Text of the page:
Operating system virtualization is a convenient way to run multiple operating systems at the same time, on the same hardware, without requiring rebooting. There are several technologies that allow sharing of the GPU by both the host (native) and guest (virtualized) operating systems. Virtualization makes it easy and a relatively fear-free way to use and or hack guest operating system instances as a simple file copy or restore operation will bring a guest machine back to life. One ideal is to purchase an SLI twin GPU and use one with the host operating system and one with the guest operating system. NVIDIA call this Multi-OS, which is supported by some Quadro GPUs. Not for the faint of heart (but for those on a budget), one can modify a GeForce GPU to act like a Quadro: Part 1, Part 2, Part 3. Alternative approaches provide a network-based interface to virtualize access to the GPUs (e.g. rCUDA and Virtual OpenCL).
There are two core ways that a virtual machine can give a guest operating system access to the GPU device(s)
- GPU pass through – All PCIe commands are passed between the GPU and guest VM (Virtual Machine). The native graphic drivers for the GPU are installed which means the guest operating system should realize the native graphic performance with that card.
- Shared Virtualized GPU – A hypervisor sits between the VM and the GPU which intercepts the PCIe commands to route them between the device(s) and guest operating systems.
The masters thesis by Kristoffer Robin Stokke at the University of Oslo provides a nice introduction as well as introducing his Vocale virtualization software.
Several solutions exist to provide virtual access to a GPU:
- Nvidia Grid or Virtual Desktop Infrastructure (VDI)
Nvidia Grid is a commercial implementation described by NVIDIA as:
… the practice of hosting a desktop OS within a virtual machine (VM) running on a hosted, centralized or remote server. It allows IT departments to offer a secure “access anywhere” desktop experience to end users.
GameStream is the recently introduced personal streaming of games looks like it leverages VDI to let NVIDIA Shield devices exploit the power of the desktop NVIDIA GPU and low network latency of the users home network. A beta feature is also available for those who wish to try GameStream remotely. The beta feature isn’t available for notebooks just yet, and you’ll need a recommended bandwidth of 5Mbps upload and download on the remote Wi-Fi location. (Users can also broadcast their finer – or not so fine – gameplay moments with NVIDIA Shadowplay. Google just bought Twitch for around $1B, which makes the automatic Twitch stream naming with the title of the game you’re currently playing makes it a convenient way to show your gaming prowess.)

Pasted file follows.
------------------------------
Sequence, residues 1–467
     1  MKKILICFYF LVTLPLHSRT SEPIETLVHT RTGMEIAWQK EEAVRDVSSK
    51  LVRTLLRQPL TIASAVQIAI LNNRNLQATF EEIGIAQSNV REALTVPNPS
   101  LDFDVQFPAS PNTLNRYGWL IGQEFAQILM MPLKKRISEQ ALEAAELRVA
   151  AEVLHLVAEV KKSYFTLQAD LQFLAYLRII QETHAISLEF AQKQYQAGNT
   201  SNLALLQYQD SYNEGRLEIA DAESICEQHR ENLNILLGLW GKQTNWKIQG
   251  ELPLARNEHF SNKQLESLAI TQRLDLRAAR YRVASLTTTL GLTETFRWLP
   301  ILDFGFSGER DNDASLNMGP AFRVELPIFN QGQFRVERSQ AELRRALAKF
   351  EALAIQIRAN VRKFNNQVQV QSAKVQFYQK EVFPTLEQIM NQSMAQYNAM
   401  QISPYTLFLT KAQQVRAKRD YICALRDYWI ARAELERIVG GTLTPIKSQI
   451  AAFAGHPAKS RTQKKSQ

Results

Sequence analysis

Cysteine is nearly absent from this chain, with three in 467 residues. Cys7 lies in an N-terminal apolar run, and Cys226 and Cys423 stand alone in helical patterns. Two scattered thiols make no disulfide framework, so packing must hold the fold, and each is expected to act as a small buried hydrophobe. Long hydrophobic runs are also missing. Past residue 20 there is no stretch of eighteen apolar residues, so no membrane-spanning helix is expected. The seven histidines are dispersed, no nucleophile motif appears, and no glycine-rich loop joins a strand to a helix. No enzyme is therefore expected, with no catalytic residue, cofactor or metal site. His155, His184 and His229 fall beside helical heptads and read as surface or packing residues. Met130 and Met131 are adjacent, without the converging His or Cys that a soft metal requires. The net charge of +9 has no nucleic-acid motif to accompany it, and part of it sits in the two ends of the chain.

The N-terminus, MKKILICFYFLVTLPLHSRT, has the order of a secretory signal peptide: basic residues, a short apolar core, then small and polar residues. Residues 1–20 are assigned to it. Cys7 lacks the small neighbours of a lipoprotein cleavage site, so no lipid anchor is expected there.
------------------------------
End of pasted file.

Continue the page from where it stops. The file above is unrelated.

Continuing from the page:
Shadowplay will also auto-name your Twitch stream with the title of the game you’re currently playing, and wider broadcasting options–custom output resolution, custom framerate–should speed up the experience.
- VGA passthrough
VGA passthrough is an older technology that essentially performs a video overlay somewhat similar to a televisions picture-in-picture capability. The Xen hypervisor provides this capability for free as of Xen 4.0. The good news is that VGA passthrough is known to work with Intel Integrated Graphics Devices (IGDs) as of Xen 4.0, which can enable devices with 800 GF/s of performance. The bad news is that Xen VGA graphics passthrough is a special form of PCI passthrough, that dedicates the PCI device (graphics card) to exactly one single VM.
- VMware supports GPGPU computing via Vsphere. Applications can access GPGPUs via CUDA or OpenCL in exactly the same way as when running natively — no changes are required to the application.
- VirtualBox PCIe passthrough
Virtualbox provides PCIe passthrough. Supposedly this will work with Linux host operating systems, but I have not found reports of people actually running such a system.
- Other Alternatives:
Instead of virtualization, one can also look into rCUDA
or virtual OpenCL, which is an OpenCL platform that can transparently run unmodified OpenCL applications on a cluster with many devices, as if all the devices are on each hosting node.